Risk and protective factors of social networks on alcohol, cannabis, and opioid use among urban American Indian/Alaska Native emerging adults


Objectives:

Assess associations between social networks and urban American Indian/Alaska Native emerging adults’ alcohol, cannabis, and opioid use and intentions.


Method:

American Indian/Alaska Native participants ages 18-25 (N = 150; 86% female) were recruited across the United States from 12/20 to 10/21 via social media. Participants named up to 15 people whom they talked with most over the past 3 months and reported who (a) used alcohol and cannabis heavily or used other drugs (e.g., opioid use), (b) engaged in traditional practices, and (c) provided support. They also reported past 3-month alcohol, cannabis, and opioid use and intentions to use.


Results:

Having a higher proportion of network members engaging in regular cannabis and heavy alcohol use (but not other drugs) was associated with more frequent cannabis use and stronger cannabis use intentions. Participants with higher proportions of members engaging in heavy alcohol use, regular cannabis use, or other drug use and who did not engage in traditional practices were more likely to report cannabis use and greater intentions to use cannabis and drink alcohol. In contrast, participants with higher proportions of network members engaging in traditional practices and who did not report heavy alcohol use, regular cannabis use, or other drug use were less likely to report intentions to use cannabis or drink alcohol.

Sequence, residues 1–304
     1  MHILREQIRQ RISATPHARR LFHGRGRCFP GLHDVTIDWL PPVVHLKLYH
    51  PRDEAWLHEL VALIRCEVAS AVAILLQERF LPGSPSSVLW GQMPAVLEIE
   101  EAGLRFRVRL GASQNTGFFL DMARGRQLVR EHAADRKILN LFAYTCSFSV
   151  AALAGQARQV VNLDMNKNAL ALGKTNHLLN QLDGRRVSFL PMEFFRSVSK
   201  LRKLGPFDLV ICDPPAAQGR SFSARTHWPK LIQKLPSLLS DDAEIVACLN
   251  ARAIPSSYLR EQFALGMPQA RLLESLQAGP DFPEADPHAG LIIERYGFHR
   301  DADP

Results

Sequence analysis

Conclusions:

Findings emphasize what many studies have shown among various racial/ethnic groups-having network members who use substances increases the chance of use. Findings also highlight that traditional practices may be an important part of the prevention approach for this population. (PsycInfo Database Record (c) 2023 APA, all rights reserved).

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